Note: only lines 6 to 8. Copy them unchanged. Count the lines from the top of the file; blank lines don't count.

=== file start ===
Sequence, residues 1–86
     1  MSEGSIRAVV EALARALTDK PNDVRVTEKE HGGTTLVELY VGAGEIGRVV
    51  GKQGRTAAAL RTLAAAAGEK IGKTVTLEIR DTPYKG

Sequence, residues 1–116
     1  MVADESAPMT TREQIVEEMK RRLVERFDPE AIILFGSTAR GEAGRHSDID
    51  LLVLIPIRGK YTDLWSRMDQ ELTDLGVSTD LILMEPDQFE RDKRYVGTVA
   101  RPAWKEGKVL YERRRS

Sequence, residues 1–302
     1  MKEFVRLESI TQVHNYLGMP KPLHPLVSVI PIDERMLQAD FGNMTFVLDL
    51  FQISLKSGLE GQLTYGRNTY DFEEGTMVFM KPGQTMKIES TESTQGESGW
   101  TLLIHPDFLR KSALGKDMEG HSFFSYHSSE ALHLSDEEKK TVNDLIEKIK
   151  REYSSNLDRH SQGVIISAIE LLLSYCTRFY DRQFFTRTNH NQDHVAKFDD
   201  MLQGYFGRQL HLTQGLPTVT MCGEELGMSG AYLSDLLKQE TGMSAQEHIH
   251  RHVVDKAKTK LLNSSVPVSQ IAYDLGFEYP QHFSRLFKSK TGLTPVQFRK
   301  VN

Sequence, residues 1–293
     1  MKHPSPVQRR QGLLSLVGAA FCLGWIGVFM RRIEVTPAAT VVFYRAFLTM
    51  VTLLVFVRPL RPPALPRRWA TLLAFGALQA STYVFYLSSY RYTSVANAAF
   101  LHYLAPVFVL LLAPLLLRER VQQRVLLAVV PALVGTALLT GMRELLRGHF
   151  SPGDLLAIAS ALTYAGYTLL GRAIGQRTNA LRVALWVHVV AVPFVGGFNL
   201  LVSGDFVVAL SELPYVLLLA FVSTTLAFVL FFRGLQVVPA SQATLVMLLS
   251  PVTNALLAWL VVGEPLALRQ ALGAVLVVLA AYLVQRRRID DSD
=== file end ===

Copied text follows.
    51  LLVLIPIRGK YTDLWSRMDQ ELTDLGVSTD LILMEPDQFE RDKRYVGTVA
   101  RPAWKEGKVL YERRRS

Sequence, residues 1–302